Best of Show (Print), Best Publication, 1999 Society of Professional Journalists; American Association of University Presses 1999 Book, Jacket, and Journal Show; Rated Outstanding in 1999 University Press Books Selected for Public and Seconday School Libraries For more than a century after Dr. Benjamin Franklin Goodrich came to town in 1870, Akron was the Rubber Capital of the World. Its people worked in the rubber shops of Goodrich, Goodyear, Firestone, General, Seiberling, Mohawk, and Sun. They lived in Goodyear Heights and Firestone Park, the neighborhoods fostered by their employers. By the 1980s, much of the rubber industry and, thus, Akron had disappeared. But the people whom rubber left behind discovered they had not only their memories but also the ability to remake Akron into a center for polymer knowledge, a remnant of rubber research, and a bridge between the two cities.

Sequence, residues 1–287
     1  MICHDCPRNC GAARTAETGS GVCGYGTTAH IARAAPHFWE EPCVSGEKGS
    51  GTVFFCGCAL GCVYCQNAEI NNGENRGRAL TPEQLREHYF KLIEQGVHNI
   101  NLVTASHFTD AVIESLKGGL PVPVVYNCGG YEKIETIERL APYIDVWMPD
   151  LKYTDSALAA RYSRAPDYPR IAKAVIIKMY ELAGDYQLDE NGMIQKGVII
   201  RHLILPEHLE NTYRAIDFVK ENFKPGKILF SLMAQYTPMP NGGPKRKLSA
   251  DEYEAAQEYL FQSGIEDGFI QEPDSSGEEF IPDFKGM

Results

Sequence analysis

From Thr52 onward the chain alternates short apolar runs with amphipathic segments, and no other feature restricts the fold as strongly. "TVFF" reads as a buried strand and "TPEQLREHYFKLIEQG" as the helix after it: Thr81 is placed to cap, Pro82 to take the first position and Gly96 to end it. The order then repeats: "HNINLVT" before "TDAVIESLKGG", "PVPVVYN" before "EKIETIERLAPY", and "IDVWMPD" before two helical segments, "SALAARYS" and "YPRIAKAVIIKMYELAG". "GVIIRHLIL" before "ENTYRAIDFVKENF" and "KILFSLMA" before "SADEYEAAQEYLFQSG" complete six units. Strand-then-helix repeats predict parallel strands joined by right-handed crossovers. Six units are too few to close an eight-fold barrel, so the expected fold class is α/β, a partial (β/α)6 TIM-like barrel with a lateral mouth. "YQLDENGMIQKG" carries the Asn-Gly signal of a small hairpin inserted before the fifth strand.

About the Author
David Giffels is a staff writer for the Akron Beacon Journal. A native of Akron, Giffels completed B.A.s in English and Mass Media and an M.A. in English from The University of Akron.